Now is the perfect time to start learning or keep revising your theory. Even if you have passed, there’s always something to brush up on. If you haven’t passed, theory test centres look likely to reopen before practical test centres post-lockdown – potentially in May. It is a great way of getting ahead so you have a good understanding of road rules, layouts and signs that you will encounter on your driving lessons. Without it you are not allowed to book a practical test.
So how should you study? If you have a smartphone or tablet, download the Official DVSA Theory Test Kit. This includes everything you need to pass your test including all the multiple choice questions and hazard perception clips. Make sure you work you through all the questions. Look on your bookshelves at home for the highway code (if not, you can order it online). There are a number of websites available too for practice including the DVSA website where you can take a practice test. How about testing other members of your family too to see how much they know or remember.
It’s tempting to get out on the roads for some practice especially as it is so quiet, but don’t do it - at least not yet. Government guidelines have instructed that you should only leave the house for necessary journeys during the coronavirus pandemic. This means driving lessons and practice should not be conducted. There have been cases of the police pulling learner drivers over during the lockdown so sit tight for now until the guidance is relaxed.
It doesn’t matter whether or not your instructor has introduced these yet, get ahead for your practical and start revising the answers for the 'show me, tell me' questions. On the day of your practical test you will be asked one ‘tell me’ question before you start driving and one ‘show me’ question whilst driving.
The DVSA has a list of all the vehicle safety questions and answers here. Bennetts also have a list of questions and simple answers we can send if you need for your tuition vehicle. Try sitting in a car if there is one available and familiarise yourself with the controls relevant to the questions. Remember to look under the bonnet and identify the oil, coolant and brake fluid.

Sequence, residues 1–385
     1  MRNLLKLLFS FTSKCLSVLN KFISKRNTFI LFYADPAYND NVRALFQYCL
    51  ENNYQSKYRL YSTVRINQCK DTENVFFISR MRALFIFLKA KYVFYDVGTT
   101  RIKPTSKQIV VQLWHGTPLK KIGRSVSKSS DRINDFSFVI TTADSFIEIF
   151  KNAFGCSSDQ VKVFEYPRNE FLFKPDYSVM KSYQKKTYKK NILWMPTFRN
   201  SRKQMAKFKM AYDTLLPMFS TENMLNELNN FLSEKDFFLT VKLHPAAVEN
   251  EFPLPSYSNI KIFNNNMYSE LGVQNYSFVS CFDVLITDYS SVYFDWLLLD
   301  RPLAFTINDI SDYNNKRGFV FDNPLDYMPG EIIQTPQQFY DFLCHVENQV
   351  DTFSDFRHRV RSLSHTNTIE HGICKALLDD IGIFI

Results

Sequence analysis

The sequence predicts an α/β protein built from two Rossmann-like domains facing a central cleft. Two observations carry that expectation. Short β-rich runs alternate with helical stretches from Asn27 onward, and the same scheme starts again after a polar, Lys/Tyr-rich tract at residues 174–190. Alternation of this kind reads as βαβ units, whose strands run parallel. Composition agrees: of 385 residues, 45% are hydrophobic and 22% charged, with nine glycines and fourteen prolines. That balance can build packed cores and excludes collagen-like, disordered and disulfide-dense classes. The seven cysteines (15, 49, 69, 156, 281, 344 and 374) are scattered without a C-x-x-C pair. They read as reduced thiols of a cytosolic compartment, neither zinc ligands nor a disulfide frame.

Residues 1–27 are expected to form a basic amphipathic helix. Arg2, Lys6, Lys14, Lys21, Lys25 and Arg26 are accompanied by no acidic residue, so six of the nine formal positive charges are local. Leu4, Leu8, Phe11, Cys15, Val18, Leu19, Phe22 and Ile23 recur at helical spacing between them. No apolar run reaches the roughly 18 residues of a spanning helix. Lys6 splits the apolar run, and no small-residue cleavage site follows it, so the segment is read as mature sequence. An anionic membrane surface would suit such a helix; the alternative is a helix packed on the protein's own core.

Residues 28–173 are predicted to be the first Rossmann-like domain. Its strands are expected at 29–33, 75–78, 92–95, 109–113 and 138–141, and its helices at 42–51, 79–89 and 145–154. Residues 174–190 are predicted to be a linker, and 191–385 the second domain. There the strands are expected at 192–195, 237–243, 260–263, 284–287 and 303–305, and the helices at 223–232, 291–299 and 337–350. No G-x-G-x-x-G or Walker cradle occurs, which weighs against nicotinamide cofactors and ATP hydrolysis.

Does a parent or housemate know a lot about cars? Do you know how to change a tyre or replace a brake light? Why not make the most of your free time by learning more about looking after your car and ensuring it is roadworthy. Have a look at these tips from the RAC for a good starting point. This is above and beyond what is required for the driving test but will provide confidence in tackling and preventing problems that could arise when you are behind the wheel.
Whether you have done any driving or not, you can find many videos on YouTube of driving lessons and tips. If you are a novice look for a controls lesson or moving away and stopping to get an idea of how to move the car and what to expect. If you struggle with a particular area search for videos on this. Or if you are nearly test ready, observe some mock tests to see how a test is taken and what faults you could pick up. Just watching the videos can keep you thinking about driving and your existing skills. You could also look up car maintenance and show me tell me questions here as well.
During your driving test you will be asked to complete one of four manoeuvres:
If you have received instruction in any of these, try and think of the procedure and techniques you were taught by your instructor. How many times do you need to turn the wheel? What observation checks do you need to make? Email the office if you have any questions.
If your driving test has been postponed, stay positive and don’t give up. Although this obviously is an anxious time, keep thinking about your driving and prepare as much as you can at home. Rest assured the office is still open for any questions you may have and making arrangements for your lessons and test.